FM is coming to a CB radio near you

September 24, 2021

John Bendel

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The FCC has approved the use of FM transmission in CB radios.

Virtually every CB (Citizen’s Band) radio transmits in AM. Now, FM will presumably bring better sound in the cab, just as it did for commercial radio decades ago. No, CB FM won’t provide the same quality sound as commercial FM radio. Bandwidth restrictions will prevent that, but FM on the CB will definitely be easier on the ears than standard AM.

AM stands for “amplitude modulation,” a scheme for turning sound waves into radio waves. FM stands for “frequency modulation,” a different scheme with different properties. The FCC rules did not allow FM transmissions on CB radios, which only offer AM and single sideband modes. AM is used for most CB communications.

Then in 2017, CB manufacturer Cobra Electronics requested that the FCC revisit the issue of FM on CBs. Many foreign countries have allowed FM on CB radios for some time, among them Russia, Brazil and most European countries. But the FCC had ruled that FM on CB would “expand or substantially change the character of the service” and that it would “be incompatible with the existing equipment base.” In other words, CB users would have to buy new radios in order to use FM.

No one filed an objection to Cobra’s request.

In fact, Cobra’s request was joined by President Electronics, another CB manufacturer, and by August the FCC had changed its mind. In a “memorandum opinion and order of reconsideration” in August, the agency reversed its FM ban. CBs can now have both AM and FM capabilities. The addition of FM capabilities to AM CBs “will not substantially change the fundamental nature of the CB radio service and will improve the user experience, as described by Cobra and President,” the memorandum said in a reversal of its original position. “How people use the service will not materially change or be expanded.”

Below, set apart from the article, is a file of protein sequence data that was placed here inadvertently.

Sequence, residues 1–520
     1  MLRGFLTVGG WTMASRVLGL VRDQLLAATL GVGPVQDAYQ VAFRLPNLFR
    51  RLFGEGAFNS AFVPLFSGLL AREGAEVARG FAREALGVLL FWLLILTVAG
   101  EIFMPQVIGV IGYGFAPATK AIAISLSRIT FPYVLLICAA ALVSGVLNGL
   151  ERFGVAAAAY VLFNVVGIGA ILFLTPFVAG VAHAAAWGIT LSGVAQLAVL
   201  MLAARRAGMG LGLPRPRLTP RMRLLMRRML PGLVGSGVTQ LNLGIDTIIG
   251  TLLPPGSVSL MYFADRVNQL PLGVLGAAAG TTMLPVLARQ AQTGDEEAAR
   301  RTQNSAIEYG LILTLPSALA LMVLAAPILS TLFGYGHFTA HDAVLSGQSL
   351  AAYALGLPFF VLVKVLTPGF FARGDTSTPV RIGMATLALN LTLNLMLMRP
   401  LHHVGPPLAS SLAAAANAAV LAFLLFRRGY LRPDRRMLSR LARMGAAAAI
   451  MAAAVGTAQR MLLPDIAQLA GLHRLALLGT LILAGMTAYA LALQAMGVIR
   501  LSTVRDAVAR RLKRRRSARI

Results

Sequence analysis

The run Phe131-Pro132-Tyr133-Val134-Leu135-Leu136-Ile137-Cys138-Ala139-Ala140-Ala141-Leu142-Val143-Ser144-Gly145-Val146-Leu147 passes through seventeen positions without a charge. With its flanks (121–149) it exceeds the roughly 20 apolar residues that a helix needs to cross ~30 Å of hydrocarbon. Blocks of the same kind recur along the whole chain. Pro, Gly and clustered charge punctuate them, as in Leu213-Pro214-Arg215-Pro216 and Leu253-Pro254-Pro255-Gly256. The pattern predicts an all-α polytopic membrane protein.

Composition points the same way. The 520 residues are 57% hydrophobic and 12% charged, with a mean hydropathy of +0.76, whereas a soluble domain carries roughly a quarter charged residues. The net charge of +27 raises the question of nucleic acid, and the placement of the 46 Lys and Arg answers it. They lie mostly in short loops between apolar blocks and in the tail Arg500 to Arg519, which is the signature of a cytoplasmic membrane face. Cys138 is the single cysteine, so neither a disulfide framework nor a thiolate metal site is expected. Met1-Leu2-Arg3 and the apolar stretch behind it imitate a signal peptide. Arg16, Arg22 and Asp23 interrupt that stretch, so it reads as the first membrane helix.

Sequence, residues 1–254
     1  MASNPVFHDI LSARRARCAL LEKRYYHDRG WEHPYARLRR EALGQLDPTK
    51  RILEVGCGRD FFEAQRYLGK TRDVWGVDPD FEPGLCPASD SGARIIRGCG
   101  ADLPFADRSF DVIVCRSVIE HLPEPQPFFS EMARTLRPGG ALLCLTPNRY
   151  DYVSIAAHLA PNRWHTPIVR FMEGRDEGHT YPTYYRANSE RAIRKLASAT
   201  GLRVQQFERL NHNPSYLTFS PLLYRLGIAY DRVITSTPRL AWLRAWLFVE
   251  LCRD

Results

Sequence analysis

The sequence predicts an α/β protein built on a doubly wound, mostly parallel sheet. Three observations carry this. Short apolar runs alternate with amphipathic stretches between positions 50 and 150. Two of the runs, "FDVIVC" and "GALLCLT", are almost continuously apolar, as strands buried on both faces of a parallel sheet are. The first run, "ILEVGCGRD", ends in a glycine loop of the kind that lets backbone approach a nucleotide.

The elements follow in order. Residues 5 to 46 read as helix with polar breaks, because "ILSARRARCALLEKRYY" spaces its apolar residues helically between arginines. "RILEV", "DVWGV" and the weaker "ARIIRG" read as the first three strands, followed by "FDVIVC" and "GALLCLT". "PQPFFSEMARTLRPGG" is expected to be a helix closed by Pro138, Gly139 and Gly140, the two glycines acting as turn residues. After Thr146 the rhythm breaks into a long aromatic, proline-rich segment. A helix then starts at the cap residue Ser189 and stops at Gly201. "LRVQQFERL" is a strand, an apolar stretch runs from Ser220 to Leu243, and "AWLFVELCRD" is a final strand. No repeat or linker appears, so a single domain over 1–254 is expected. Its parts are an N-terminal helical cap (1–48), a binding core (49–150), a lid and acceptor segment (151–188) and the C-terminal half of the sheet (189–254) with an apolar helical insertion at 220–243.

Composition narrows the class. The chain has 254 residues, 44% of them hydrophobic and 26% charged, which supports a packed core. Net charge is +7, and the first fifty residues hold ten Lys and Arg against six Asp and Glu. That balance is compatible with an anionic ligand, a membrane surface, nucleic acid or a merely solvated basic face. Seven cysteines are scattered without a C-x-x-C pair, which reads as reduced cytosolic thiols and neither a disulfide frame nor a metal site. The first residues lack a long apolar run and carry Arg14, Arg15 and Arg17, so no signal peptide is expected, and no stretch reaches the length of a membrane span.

So, CBs will be able to offer both AM and FM bands, though it will take time for FM-capable radios to become mainstream. Until then, the FM band will remain “incompatible with the existing equipment base.” No one will be able to use FM without an FM-capable CB.

The new rule should help sell more CB radios.

What’s the difference between AM and FM on CB radio?

AM on a CB is likely to pick up interference and background noises from sources like spark plugs, nearby transformers, and solar radiation as well as random voices from near and far. Taken together, this is often referred to as static. FM, on the other hand, focuses on the strongest signal and delivers that sound if not static free then with less static than AM. They call this FM characteristic “capture.” That means you are only likely to hear one voice at a time on the FM band. That’s good for sound quality in the cab.

However, sometimes it’s good to hear more than one source, particularly if it involves safety. For example, air traffic control uses AM modulation so that someone – maybe another pilot – can break into a conversation if necessary. With FM, only the strongest signal will be heard.

FM transmissions will only sound like noise on an AM band. Both the sending and receiving CBs have to be FM capable with FM selected on both radios to work properly.

Will FM gradually replace AM on CB radio?

“AM will likely never go away completely,” Cobra Vice President Michael Williams said in a 2018 letter to the FCC. Williams pointed out that even the earliest transmission modes still exist in amateur radio – even Morse code.

“Even though there are newer, better, and more efficient ways to use RF (radio frequency) for communications, the original methods are still used to this day, and in all likelihood will continue to be used well beyond the foreseeable future,” Williams wrote.

You won’t have to buy a new CB if you don’t want to. LL

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John Bendel is Land Line’s contributing editor-at-large. A former trucker, former editor at National Lampoon and two trucking magazines, John is an author, photographer, and freelancer. His work has appeared in the New York Times, The Washington Post, and many U.S. newspapers.